What is more important, I want to suggest, is not pointing out how rotten the concept of ‘mateship’ has become as it has been picked up and used by populist-nationalist movements in conjunction with the mass-media (refrain of the right-eous), but what the deployment of the term signifies for those using it in the general population. That is, as I attempted to point in my original mateship post (and in the comments to clarify for some people), ‘mateship’ has a machinic function, how this mateship-machine is picked up and used is a related, but separate issue. To resuscitate the term ‘mate’, to depotentialise it and take it away from the reactionary nationalists, means enabling the immanent function of the term. Why does Angela assume that the singularity of mateship and correlative immmanent event of becoming-together only makes sense (‘sense’ = ‘pure event’) along the axis of interpersonal–trade-union–populist-nationalism? Not every wound-singularity can be subsumed to the war-event, nor should it.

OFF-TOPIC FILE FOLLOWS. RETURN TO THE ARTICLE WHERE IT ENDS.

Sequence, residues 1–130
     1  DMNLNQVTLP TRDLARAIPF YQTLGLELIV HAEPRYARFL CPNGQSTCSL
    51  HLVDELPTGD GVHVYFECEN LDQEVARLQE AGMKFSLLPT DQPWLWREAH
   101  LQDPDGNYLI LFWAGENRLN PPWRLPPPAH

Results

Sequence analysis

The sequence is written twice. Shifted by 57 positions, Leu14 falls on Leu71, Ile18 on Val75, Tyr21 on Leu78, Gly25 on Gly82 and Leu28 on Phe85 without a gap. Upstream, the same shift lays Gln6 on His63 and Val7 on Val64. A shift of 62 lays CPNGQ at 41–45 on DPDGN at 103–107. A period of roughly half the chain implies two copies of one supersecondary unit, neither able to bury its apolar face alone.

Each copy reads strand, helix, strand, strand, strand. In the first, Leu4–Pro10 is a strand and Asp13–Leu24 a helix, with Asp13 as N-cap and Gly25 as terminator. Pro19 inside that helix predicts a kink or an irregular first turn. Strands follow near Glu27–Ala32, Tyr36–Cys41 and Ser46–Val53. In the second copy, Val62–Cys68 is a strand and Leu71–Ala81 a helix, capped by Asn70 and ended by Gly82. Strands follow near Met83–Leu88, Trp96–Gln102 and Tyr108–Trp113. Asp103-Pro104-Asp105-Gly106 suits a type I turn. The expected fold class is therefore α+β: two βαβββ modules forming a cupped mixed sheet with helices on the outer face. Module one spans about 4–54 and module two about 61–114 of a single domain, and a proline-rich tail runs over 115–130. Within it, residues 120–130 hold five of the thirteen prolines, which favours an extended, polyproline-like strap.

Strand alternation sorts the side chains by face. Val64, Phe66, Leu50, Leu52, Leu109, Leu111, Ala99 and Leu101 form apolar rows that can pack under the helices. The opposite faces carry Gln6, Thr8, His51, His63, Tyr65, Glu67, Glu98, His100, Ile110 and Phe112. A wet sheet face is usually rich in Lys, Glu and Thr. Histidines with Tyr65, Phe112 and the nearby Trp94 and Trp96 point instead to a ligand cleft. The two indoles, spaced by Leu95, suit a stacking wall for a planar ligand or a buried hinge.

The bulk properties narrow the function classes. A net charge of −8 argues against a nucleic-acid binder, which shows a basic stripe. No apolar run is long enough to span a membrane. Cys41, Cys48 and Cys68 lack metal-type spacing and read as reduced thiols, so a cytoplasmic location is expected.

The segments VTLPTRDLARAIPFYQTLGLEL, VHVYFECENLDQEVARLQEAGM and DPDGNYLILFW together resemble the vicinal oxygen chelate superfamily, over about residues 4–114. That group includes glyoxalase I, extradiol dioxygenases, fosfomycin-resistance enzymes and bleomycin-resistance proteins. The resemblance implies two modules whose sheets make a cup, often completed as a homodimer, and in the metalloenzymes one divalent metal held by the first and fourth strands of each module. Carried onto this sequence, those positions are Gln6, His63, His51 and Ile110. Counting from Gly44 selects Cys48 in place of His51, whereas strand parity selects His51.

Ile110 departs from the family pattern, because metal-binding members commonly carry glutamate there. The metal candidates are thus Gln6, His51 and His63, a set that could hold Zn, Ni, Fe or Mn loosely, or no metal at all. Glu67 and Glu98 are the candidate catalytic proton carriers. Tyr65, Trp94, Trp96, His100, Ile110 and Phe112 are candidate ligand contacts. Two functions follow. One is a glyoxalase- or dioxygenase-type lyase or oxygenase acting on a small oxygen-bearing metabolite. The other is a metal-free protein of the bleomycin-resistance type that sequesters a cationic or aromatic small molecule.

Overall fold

Indeed, what is needed is a language that cares for the event of becoming-together; this is beyond Angela’s notion of ‘relation’. She may be using it in a technical sense where it has some valence (I don’t know), but if one is already in a situation where someone is calling one’s person ‘mate’, then a ‘relation’ exists whether one likes it or not. Becoming-together is a collective individuation that may or may not be triggered and which assumes that ‘relations’ already exist. For Angela to refuse the term ‘mate’, she may think refuses a whole interpersonal–trade-union–populist-nationalist event, but to the person using the term she may actually be refusing the only way they have to trigger or signify a becoming-together. I mean the only way. Remember, and this may appear patronising, but many people do not have high levels of education or the time or desire to read books regarding various social or political theories. Why refuse people the only option they have to trigger a becoming-together or the only option they have to care for one already in effect?